CHARLOTTE, N.C. — Reince Priebus was re-elected as chairman of the Republican National Committee on Friday, garnering the near unanimous support of the 168 RNC voting members.
The challenges facing Priebus as the head of the Republican Party entering the 2014 cycle are different than what he dealt with when he took over in 2011. Then, Priebus was tasked with overhauling RNC operations, including paying off a $24 million debt and rehabilitating its image among GOP donors. But he was buoyed at the time by fresh enthusiasm from big wins in the 2010 midterm elections.
This time around, the RNC is in good shape financially — the committee ended 2012 debt free and with $4.7 million in the bank. But the result of the 2012 elections left the party faithful deflated: The party's brand is in the tank nationally, emerging demographic voting blocs favor the Democrats, and the GOP also finds itself trailing its opposition in the ability to target and turn out voters.
"The task before us now is charting our party’s future. We have an opportunity and responsibility to shape the GOP of the next generation," Priebus said in a speech to RNC committee members following his re-election."We must compete in every state and every region, building relationships with communities we haven’t before. At the RNC we are dropping ‘red’ and ‘blue’ analysis. We must be a party concerned about every American in every neighborhood. We must develop the best technology with the help of the best minds — and train activists, volunteers and candidates with the modern tools of a modern party."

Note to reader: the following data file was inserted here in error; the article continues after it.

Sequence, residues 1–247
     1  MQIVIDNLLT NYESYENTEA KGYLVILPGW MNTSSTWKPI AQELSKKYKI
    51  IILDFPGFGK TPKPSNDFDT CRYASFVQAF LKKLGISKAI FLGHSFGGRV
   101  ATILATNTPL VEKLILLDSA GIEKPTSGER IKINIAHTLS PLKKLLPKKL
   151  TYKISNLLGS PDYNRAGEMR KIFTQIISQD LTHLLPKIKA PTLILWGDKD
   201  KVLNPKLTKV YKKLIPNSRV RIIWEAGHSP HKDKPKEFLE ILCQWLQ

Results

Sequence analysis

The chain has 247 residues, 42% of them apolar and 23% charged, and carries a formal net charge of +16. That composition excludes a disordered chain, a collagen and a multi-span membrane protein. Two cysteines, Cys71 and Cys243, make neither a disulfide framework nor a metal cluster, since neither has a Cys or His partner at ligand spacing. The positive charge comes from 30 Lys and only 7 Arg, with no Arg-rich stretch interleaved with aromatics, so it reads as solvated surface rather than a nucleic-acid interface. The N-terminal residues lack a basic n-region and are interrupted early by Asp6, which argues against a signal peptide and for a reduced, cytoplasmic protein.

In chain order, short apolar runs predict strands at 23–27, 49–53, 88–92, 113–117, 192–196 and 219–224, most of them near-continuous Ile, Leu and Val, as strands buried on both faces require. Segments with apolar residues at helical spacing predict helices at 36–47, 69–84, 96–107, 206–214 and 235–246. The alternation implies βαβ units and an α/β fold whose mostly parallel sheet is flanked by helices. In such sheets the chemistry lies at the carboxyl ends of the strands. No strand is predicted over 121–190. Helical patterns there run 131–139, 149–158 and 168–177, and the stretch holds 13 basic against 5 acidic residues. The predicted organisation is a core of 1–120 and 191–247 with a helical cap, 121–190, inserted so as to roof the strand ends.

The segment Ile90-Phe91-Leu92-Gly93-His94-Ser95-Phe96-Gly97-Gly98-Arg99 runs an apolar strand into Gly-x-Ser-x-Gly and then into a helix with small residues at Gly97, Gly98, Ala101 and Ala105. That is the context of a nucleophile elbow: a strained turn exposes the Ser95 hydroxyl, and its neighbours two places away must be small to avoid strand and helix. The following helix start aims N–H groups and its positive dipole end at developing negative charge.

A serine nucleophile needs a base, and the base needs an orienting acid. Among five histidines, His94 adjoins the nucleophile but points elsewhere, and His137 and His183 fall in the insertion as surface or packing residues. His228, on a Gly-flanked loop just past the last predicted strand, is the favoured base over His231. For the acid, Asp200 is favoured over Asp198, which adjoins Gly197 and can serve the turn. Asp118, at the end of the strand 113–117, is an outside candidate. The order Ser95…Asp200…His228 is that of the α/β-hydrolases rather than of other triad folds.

Priebus' unchallenged re-election stood in stark contrast to his first victory as RNC chairman two years ago, when he won a contested race after rounds of voting. Priebus, a lawyer by trade, ran for chairman in 2011 after a successful cycle as Wisconsin GOP chairman that saw Republicans flip a Senate seat, two House seats and the governor's mansion, among other victories.
Whether Priebus can address his party's challenges coming out of the 2012 elections could define his chairmanship. Priebus described his agenda as to "renew our party. Grow our ranks. And win more elections."
Perhaps the good news for the party was that there was a consensus among those who attended the RNC winter meeting in Charlotte that the party needs to modernize and adapt, and there was little evidence of the conflict that marred some of the business sessions that directly preceded last summer's Republican National Convention in Tampa, Fla.